What is a clinical examination?
The clinical examination is a core, routine part of the gynaecological assessment. As a clinician involved in the teaching of doctors in training and specialists seeking to increase their skills, when they are presenting (providing information about) a patient, it is natural to ask, ‘what did you find on clinical examination?’ It might surprise you the number of times that a history is taken and a differential diagnosis made without an examination being performed. In context it is akin to reading a recipe for a meal, preparing the table to eat but not actually cooking the food! It should not be a case of was an examination performed, in most cases the question should be why was an examination not performed?
Examination in the office
A clinical examination is the physical inspection of a patient or parts of her body, in order to verify health or diagnose disease.
Examination under anaesthetic
Can I suggest that if you go to your doctor about a new complaint or a change in the presentation of an existing complaint – expect to be examined, and if you are not examined, speak up and ask, ‘why not?’
What does a basic gynaecological examination involve?
Your general appearance is important to your doctor as it may give some indication as to your general health. General demeanour, evidence of anaemia or tremor, abnormality of gait or speech, shortness of breath, protruding eyeballs, estimation of body mass index (BMI) are some of the features that might lead your doctor to ask more specific questions, perform additional examinations or organise further investigations. It may not always be apparent how this might relate to your presenting complaint. Sometimes it does and at other times it may be a significant incidental finding. Feel free to ask you doctor why any particular question is being asked.
When doctors examine the abdomen, they look at it as the upper abdomen and lower abdomen or in quadrants; right and left upper quadrants and right and left lower quadrants. Assessment of the renal angles are also made by palpating the side parts of the back, below the ribs. The sequence of examination is; inspection, palpation, percussion and auscultation (look, press, tap, listen). Scars, skin lesions, tenderness, guarding, the presence of masses and sounds suggestive of fluid within the abdomen are all sought.
The pelvic examination has three components; visual inspection of the external genitalia, speculum examination and bimanual examination. The speculum examination is a visual examination using a speculum in order to facilitate a view of the internal genitalia; vaginal walls, cervix, urethral orifice and forchette. During the visual inspection and speculum examination you may be asked to cough as this increases abdominal pressure and drives down the pelvic organs to make prolapses or urinary incontinence more obvious. During the bimanual examination, one hand is placed on the lower abdomen and two fingers of the other hand are placed in the vagina. The uterus (if present) is compressed between the examining hands to assess its’ size and mobility. The same technique is used to assess the adnexal areas for tenderness or masses.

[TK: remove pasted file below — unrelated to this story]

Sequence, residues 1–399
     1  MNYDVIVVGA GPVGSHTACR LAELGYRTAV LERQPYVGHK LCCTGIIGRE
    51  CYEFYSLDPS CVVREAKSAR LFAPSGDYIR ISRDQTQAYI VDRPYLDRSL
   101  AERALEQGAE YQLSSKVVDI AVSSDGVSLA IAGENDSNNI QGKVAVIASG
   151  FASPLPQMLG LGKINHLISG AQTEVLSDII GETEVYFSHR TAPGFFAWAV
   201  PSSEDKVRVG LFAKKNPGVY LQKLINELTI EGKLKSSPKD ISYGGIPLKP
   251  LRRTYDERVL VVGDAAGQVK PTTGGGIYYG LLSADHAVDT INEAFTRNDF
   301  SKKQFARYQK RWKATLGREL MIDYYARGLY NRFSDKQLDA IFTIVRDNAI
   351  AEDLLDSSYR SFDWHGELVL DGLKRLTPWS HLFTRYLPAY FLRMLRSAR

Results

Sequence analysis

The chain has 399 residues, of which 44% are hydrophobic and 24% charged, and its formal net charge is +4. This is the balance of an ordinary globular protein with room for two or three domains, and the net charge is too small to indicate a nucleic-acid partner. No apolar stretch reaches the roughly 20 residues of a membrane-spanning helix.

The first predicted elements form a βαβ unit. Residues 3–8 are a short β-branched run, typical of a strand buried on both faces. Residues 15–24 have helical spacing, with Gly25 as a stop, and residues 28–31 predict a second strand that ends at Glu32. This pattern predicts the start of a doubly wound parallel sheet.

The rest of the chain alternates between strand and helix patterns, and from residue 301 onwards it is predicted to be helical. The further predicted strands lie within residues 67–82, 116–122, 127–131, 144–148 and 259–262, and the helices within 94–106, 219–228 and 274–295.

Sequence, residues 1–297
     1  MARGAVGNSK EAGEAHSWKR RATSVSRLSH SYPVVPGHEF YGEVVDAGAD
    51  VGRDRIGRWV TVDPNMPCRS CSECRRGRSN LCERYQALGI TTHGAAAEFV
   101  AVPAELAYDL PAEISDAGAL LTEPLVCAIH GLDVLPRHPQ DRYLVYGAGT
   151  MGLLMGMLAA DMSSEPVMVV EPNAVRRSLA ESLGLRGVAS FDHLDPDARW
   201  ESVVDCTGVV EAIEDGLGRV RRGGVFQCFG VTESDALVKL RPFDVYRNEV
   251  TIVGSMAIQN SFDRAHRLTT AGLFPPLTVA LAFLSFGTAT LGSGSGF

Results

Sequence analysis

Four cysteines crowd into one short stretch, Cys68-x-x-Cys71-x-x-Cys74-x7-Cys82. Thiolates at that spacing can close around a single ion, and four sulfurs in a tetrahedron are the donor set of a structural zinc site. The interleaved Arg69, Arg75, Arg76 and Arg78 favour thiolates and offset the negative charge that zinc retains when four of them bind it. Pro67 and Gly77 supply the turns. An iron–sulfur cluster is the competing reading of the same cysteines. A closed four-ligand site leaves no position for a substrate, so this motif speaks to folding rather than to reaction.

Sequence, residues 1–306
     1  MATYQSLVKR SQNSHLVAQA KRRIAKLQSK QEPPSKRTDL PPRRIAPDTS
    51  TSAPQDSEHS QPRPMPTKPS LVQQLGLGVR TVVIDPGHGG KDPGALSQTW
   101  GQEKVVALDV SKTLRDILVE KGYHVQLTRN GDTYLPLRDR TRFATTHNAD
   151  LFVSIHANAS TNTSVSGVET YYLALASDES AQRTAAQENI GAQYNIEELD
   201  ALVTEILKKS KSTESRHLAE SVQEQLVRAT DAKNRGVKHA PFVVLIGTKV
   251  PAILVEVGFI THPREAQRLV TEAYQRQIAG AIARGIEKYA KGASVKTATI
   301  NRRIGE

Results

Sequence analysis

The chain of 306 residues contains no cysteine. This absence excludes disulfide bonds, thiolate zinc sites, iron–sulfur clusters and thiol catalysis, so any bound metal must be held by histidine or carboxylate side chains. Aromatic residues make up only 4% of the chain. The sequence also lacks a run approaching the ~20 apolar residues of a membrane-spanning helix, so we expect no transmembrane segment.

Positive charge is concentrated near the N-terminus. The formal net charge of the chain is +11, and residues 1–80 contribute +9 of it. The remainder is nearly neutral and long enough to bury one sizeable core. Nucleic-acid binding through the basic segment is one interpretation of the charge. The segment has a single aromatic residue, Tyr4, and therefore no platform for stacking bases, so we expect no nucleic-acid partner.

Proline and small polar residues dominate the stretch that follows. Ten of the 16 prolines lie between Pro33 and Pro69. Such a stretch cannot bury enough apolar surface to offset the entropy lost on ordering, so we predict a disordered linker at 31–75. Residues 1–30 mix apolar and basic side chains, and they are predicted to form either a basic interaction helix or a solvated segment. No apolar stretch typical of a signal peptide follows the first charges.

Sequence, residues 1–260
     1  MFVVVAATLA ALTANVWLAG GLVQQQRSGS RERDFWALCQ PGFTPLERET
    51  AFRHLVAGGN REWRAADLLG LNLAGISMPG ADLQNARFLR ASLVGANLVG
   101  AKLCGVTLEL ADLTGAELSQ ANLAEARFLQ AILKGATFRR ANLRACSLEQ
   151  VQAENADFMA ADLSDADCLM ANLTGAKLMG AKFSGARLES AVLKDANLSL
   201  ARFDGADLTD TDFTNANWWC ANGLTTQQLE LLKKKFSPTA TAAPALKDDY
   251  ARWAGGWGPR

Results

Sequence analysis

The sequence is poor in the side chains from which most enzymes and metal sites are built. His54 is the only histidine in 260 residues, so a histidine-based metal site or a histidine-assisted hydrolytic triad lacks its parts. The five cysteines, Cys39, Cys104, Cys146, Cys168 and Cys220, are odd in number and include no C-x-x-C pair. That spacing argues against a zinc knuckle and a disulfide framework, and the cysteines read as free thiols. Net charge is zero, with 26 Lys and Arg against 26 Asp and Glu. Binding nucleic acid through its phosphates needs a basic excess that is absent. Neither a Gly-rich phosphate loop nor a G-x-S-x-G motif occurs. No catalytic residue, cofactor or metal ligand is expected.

Examination under anaesthetic
The vast majority of clinical examinations will take place with you awake in the doctors office. However some examinations will need to be done under a general anaesthetic or sedation in an operating theatre.
Examination with the patient awake not possible or limited by:
- Poor vaginal access.
- Unacceptable discomfort.
- Poor view related to habitus (size and shape).
Examination whilst patient awake thought not to expose the extent of the presenting signs:
- Prolapse – the true extent of a prolapse in the woman examined whilst awake is often much less than when she is examined under anaesthetic. This is because there is a natural instinct to contract the muscles supporting the pelvic floor during an examination and this will have the effect of reducing any prolapse present.
- The true degree of prolapse will determine the type of surgery offered to the patient and allows a more comprehensive discussion about the options for further management to take place.
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